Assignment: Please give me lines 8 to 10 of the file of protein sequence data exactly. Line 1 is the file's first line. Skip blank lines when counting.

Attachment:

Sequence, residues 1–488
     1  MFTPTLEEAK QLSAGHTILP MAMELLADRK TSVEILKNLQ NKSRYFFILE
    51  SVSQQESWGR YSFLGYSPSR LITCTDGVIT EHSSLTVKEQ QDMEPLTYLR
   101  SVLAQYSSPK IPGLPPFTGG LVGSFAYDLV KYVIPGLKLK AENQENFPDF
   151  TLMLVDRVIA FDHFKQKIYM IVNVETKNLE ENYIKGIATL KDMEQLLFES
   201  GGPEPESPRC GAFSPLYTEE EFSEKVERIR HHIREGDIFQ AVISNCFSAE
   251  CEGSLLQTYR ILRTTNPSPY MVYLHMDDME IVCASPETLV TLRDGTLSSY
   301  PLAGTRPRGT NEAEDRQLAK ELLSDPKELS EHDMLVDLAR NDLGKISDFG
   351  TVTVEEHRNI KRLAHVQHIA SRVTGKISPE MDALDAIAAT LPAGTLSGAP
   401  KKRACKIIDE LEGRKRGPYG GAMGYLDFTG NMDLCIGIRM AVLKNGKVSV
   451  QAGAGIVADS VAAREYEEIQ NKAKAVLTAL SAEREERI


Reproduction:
   301  PLAGTRPRGT NEAEDRQLAK ELLSDPKELS EHDMLVDLAR NDLGKISDFG
   351  TVTVEEHRNI KRLAHVQHIA SRVTGKISPE MDALDAIAAT LPAGTLSGAP
   401  KKRACKIIDE LEGRKRGPYG GAMGYLDFTG NMDLCIGIRM AVLKNGKVSV